2019 - 150 taps 3/16 shurflo, Deer Run 125 dolly RO - 73 gallons
    2018 - 120 taps 3/16 hybrid (shurflo), 2x6 raised flue w/hood, homemade arch w/ AUF & AOF - 34.5 gallons
    2017 - 60 taps 3/16 gravity, oil tank arck w/ steam pans - 12.5 gallons

  6. #6
    Join Date
    Apr 2017
    Location
    Underhill, VT
    Posts
    19

    Default

    Hey there, as a relative newbie myself, I have a few suggestions that may help.

    - First, once you go past a dozen taps or so, it becomes all about efficiency, even if you are still doing it just for fun. Do anything and everything you can to raise the temp (and even the the sugar content) of the incoming sap before it hits the pan and increase the rate of boils after. Because in the end it will save you time and fuel both which you are going need a lot of especially if you are going to tap 100+ acres.

    - Second, TimJ's 6 arch feature suggestions are good things to consider if you are going to do anything significant. When I went from 6 to 31 taps my second season, I incorporated those types of things and others into my small rig and it definitely improved my quality, efficiency, and sanity.

    - Third: if you are handy with metal and are going to tap more than 50 trees, I would suggest making yourself at least an oil tank evaporator, if not something more like the commercial arches. I built myself what I think is a pretty decent barrel arch (with a divided flat pan) and even with my small RO it would have a hard time keeping up if I doubled the number of taps. Granted I don't yet have a pre-heater but the best it can do right now is about 6-7gph. Maybe with a decent preheater and a drop flue-pan I could get it to maybe 10-12gph but I'd have a hard time finding either in my arch's size unless I custom make them. MeadMaple's rig is a real nice example of something a bit bigger than a barrel arch and it can handle standard 24" wide pans which will open up a lot of options. There is tons of info on here about them and you can always add another section later making it longer if you want expand.

    Good luck and keep us posted!
    -Scott
    2017: Found a new addiction/hobby!: 6 taps, Coleman stove/turkey fryer, graduated to barrel arch, 1.75 gal
    2018: Increased efficiency - 22 taps on 3/16 gravity vac, 10 buckets, homemade extended barrel arch w/ firebrick, warming pan, 20X30 baffled pan, small home-built RO, 11.5 gal
    2019: Same as above now with AUF, home-built float pan, gas sap pump, fewer fire brick but more insulation, maybe a few more taps if the wife lets me. ;-)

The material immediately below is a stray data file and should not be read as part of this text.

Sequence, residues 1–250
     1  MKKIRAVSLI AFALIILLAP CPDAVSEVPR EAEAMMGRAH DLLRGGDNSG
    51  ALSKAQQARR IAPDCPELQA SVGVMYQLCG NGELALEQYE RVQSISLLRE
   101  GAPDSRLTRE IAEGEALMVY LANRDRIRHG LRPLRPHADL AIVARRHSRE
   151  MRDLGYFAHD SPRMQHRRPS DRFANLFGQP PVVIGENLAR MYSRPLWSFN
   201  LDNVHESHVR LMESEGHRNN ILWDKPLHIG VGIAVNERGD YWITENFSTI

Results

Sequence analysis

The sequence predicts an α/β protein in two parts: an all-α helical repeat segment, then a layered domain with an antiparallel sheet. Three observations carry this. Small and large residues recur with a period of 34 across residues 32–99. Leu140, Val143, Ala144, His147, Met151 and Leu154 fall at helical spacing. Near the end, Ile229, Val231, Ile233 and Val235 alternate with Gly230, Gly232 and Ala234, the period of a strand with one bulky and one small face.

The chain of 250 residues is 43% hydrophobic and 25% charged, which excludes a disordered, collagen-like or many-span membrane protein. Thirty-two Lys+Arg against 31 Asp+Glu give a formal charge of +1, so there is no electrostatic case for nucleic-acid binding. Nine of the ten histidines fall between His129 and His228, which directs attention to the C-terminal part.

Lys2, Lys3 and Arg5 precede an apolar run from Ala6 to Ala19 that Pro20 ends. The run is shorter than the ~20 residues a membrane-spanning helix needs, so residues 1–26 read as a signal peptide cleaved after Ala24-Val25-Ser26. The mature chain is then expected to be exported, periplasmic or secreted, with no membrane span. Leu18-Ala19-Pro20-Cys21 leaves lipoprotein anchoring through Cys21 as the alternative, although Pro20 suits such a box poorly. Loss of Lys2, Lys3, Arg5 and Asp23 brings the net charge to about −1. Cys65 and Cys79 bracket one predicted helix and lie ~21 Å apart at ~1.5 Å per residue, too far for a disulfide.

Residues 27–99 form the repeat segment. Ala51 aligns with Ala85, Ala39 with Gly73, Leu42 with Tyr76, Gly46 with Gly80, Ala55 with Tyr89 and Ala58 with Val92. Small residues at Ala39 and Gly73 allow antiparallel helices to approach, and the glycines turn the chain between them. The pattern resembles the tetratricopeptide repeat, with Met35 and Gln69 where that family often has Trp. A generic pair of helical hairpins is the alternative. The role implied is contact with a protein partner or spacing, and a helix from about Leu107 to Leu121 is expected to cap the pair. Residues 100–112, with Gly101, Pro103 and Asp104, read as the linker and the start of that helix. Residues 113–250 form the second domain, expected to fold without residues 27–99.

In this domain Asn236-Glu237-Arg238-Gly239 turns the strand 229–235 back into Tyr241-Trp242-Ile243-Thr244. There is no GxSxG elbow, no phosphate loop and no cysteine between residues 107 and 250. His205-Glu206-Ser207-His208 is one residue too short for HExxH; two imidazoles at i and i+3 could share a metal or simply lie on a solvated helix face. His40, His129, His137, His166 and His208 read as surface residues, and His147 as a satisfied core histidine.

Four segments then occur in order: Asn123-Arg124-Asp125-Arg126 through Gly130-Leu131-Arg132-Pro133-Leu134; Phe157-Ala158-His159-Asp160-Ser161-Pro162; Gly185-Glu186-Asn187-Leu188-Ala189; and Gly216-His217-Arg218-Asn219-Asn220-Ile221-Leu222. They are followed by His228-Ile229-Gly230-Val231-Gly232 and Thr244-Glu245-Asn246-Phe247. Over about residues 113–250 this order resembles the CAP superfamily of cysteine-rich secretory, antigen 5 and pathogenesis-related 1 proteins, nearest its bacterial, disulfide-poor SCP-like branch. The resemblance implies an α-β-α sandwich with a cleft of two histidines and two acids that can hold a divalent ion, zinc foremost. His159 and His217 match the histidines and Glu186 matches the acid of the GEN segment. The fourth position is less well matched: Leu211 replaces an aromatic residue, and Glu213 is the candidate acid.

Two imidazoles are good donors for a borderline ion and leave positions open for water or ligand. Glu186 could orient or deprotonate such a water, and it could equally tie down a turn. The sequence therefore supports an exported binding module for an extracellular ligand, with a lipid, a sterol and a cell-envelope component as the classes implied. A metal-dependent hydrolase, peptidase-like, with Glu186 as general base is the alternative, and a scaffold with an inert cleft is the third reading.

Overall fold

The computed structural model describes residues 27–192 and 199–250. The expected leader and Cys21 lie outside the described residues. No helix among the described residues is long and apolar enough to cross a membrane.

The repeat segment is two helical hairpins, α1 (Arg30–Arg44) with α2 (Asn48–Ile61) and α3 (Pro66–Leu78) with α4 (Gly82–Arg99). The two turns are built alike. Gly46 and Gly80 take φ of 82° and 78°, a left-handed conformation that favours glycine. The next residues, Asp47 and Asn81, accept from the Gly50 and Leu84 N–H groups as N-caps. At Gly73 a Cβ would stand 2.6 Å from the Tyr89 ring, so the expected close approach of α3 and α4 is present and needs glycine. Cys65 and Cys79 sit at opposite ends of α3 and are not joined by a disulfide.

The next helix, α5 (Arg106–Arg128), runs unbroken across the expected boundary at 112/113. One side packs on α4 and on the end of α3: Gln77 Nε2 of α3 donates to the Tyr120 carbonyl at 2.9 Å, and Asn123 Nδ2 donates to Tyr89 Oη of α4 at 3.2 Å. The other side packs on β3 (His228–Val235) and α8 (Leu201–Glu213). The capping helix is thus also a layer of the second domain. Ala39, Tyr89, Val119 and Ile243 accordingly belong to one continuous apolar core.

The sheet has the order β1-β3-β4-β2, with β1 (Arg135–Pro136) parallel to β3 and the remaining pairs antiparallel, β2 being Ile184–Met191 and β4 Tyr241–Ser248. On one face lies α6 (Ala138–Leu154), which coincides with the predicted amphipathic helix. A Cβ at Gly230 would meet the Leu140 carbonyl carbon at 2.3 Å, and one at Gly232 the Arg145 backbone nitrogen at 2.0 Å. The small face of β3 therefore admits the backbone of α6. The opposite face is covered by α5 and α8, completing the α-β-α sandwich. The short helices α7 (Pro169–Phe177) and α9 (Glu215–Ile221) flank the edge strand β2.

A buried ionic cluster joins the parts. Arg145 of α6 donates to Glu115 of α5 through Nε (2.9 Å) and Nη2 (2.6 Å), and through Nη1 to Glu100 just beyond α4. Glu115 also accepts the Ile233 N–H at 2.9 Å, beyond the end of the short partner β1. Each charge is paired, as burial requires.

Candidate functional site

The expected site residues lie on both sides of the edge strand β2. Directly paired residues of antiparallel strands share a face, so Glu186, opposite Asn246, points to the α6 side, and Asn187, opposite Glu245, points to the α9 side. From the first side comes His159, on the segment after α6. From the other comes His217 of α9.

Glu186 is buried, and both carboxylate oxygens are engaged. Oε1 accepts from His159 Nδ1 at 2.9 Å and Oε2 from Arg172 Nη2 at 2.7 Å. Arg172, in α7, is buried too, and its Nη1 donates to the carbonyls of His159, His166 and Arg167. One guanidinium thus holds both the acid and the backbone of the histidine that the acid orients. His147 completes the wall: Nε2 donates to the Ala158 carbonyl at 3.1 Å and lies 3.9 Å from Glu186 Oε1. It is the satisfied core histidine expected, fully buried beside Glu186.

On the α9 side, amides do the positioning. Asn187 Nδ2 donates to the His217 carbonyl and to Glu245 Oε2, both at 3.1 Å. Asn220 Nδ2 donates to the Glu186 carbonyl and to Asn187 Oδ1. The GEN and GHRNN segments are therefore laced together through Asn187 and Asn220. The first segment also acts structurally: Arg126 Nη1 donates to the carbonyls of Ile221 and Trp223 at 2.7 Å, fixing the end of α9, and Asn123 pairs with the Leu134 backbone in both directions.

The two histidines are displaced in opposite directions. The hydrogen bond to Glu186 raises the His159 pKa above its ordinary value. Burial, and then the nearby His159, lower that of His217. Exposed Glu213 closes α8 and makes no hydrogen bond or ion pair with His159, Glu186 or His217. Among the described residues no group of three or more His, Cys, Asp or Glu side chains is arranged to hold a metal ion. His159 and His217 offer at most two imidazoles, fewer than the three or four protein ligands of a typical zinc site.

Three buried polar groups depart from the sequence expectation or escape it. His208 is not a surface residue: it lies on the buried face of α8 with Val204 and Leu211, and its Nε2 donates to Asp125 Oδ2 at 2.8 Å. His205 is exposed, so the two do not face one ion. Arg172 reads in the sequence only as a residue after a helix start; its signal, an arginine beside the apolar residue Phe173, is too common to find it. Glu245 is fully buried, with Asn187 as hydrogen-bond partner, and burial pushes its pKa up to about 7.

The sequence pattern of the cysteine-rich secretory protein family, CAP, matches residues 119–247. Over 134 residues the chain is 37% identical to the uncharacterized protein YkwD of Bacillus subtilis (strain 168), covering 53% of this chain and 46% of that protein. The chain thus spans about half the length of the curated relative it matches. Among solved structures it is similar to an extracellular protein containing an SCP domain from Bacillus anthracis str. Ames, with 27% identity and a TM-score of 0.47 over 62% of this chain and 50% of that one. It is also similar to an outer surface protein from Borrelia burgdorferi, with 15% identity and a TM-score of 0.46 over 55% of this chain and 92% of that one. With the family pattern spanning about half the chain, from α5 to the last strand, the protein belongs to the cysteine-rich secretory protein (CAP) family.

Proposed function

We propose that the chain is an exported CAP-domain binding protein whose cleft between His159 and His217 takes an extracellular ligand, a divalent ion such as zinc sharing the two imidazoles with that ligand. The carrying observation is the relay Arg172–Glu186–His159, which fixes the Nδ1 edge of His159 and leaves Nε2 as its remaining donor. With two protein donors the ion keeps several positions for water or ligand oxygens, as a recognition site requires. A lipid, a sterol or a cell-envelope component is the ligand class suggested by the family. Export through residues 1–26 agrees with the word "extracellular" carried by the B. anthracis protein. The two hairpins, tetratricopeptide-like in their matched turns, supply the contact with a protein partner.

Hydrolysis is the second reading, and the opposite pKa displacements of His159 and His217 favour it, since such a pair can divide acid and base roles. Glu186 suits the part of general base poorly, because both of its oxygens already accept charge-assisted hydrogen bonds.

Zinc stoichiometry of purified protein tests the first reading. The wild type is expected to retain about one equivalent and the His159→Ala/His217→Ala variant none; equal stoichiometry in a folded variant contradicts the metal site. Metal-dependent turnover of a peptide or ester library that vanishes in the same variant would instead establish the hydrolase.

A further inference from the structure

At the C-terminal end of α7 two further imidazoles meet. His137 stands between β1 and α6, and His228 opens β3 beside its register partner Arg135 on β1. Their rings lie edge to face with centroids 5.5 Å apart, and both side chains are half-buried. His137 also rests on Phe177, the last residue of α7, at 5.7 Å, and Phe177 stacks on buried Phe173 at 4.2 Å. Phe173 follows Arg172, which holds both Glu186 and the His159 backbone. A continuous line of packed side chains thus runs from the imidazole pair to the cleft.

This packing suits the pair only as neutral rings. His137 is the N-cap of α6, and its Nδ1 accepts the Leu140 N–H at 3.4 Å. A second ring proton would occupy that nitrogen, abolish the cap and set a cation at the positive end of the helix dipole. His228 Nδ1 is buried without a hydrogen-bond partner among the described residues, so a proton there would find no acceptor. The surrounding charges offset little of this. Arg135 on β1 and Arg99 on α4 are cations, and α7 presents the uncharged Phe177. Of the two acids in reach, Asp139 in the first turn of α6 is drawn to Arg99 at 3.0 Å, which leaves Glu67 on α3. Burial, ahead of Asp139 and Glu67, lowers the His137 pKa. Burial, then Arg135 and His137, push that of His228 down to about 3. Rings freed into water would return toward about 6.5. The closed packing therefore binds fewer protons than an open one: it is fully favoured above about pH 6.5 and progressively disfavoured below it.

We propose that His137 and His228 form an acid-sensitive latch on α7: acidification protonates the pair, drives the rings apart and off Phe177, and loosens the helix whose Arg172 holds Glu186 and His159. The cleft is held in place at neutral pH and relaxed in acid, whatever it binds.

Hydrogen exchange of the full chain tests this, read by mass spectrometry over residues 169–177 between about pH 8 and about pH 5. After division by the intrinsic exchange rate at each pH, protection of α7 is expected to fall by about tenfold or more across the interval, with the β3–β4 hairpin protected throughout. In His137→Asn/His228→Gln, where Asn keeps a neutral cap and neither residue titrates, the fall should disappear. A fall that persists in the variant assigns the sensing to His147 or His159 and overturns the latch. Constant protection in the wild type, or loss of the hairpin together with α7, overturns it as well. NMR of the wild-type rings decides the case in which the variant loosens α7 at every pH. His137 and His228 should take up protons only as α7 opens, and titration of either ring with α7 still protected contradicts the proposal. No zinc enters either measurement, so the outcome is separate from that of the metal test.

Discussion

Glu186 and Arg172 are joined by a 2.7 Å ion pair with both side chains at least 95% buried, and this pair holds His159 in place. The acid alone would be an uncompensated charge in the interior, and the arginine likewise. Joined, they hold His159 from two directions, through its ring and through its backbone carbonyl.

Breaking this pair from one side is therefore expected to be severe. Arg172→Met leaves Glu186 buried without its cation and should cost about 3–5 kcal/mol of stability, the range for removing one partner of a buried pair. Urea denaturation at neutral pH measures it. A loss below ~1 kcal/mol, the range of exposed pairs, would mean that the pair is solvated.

7. #7
    Join Date
    Mar 2018
    Location
    Two Harbors, Minnesota
    Posts
    119

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    I have 80 acres. I can tap 3-400 trees if I could access them. I started with 35 taps 4 years ago. I tapped 235 last year. I built two evaporators and now use them both. One is a 2'x4' and the other is 2'x6'. I got the heating oil barrels for free. I insulated the fireboxes with 3.5" of rockwool and also 2" firebrick. I have them both in my sugar shack now.

    Evaporator 2x4.jpg

    Evaporator 2x6.jpg
    2016- 32 taps, 3 1/2 gallons
    2017- 150 taps, 13 gallons after building an evaporator
    2018- goal is 240+ taps. 20+ gallons.
    2018 Reality- 235 taps, 5 gallons of syrup. Average 50 birch taps and 3 gallons of syrup.
    2019- 180 maple taps, 20 gallons of finished syrup.
    ~ 160 birch taps, 13 finished gallons of syrup.

    Latitude 47.278150

    www.facebook.com/livingoffmyland2015

  8. #8
    Join Date
    Mar 2019
    Location
    Middlesex, Vermont
    Posts
    124

    Default

    Quote Originally Posted by billschi View Post
    I have 80 acres. I can tap 3-400 trees if I could access them. I started with 35 taps 4 years ago. I tapped 235 last year. I built two evaporators and now use them both. One is a 2'x4' and the other is 2'x6'. I got the heating oil barrels for free. I insulated the fireboxes with 3.5" of rockwool and also 2" firebrick. I have them both in my sugar shack now.

    Attachment 20005

    Attachment 20006
    Billschi, what are you getting for an evaporation rate on your 2x6? Did a nice job on that. I have got a neighbor interested in my 2x4 but if he does not buy it I plan to stretch mine to a 6 foot and get a raised pan set. Would not take me long to do that. Especially not compared to the time I spent building the arch itself!


    Sent from my iPhone using Tapatalk
    Mead Maple "It's for the kids..."
    Paul Cerminara
    2019 - First season ever
    -Homemade 275 gallon oil drum arch
    -75 taps, all on traditional buckets and drops into 5 gallon buckets
    -Goal: 3 gallons
    -Season Total: 7.5 gallons - pulled taps after running out of firewood and time
    -Fear: Becoming a member of MT.com and getting bit

  9. #9
    Join Date
    Apr 2017
    Location
    Underhill, VT
    Posts
    19

    Default

    Quote Originally Posted by Mead Maple View Post
    I have got a neighbor interested in my 2x4 but if he does not buy it I plan to stretch mine to a 6 foot and get a raised pan set. Would not take me long to do that. Especially not compared to the time I spent building the arch itself!
    Yeah Mead Maple, you did a real nice job on your OTE; I can see why your neighbor might want it!
    -Scott
    2017: Found a new addiction/hobby!: 6 taps, Coleman stove/turkey fryer, graduated to barrel arch, 1.75 gal
    2018: Increased efficiency - 22 taps on 3/16 gravity vac, 10 buckets, homemade extended barrel arch w/ firebrick, warming pan, 20X30 baffled pan, small home-built RO, 11.5 gal
    2019: Same as above now with AUF, home-built float pan, gas sap pump, fewer fire brick but more insulation, maybe a few more taps if the wife lets me. ;-)

  10. #10
    Join Date
    Mar 2019
    Location
    Middlesex, Vermont
    Posts
    124

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    Quote Originally Posted by SyncroScott View Post
    Yeah Mead Maple, you did a real nice job on your OTE; I can see why your neighbor might want it!
    Thanks! The cool part is that the only money I have invested other than consumables (gas, grinding wheels, welding spool, paint, etc) I have absolutely $0 in it. I am very close with the scrap yard owner so I have an all access pass to the yard. Even the 2 sections of stove pipe were from my chimney guy! I enjoyed the fab very much and loved every minute of my first season!


    Sent from my iPhone using Tapatalk
    Mead Maple "It's for the kids..."
    Paul Cerminara
    2019 - First season ever
    -Homemade 275 gallon oil drum arch
    -75 taps, all on traditional buckets and drops into 5 gallon buckets
    -Goal: 3 gallons
    -Season Total: 7.5 gallons - pulled taps after running out of firewood and time
    -Fear: Becoming a member of MT.com and getting bit